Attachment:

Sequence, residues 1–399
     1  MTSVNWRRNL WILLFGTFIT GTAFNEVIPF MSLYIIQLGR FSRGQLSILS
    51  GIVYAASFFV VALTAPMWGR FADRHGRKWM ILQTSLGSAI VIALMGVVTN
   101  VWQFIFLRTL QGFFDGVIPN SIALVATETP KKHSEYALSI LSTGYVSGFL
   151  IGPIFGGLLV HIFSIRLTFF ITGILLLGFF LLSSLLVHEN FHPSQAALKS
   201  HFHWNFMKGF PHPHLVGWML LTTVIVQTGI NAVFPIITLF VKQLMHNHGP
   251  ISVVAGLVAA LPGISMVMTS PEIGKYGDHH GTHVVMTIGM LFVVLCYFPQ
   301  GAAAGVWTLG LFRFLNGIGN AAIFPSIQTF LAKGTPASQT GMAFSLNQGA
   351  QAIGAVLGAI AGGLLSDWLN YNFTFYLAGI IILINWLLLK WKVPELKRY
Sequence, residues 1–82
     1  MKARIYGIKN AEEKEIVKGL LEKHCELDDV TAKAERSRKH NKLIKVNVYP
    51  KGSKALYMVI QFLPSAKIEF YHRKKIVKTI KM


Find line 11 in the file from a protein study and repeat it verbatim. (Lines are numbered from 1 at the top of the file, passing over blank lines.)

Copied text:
     1  MKARIYGIKN AEEKEIVKGL LEKHCELDDV TAKAERSRKH NKLIKVNVYP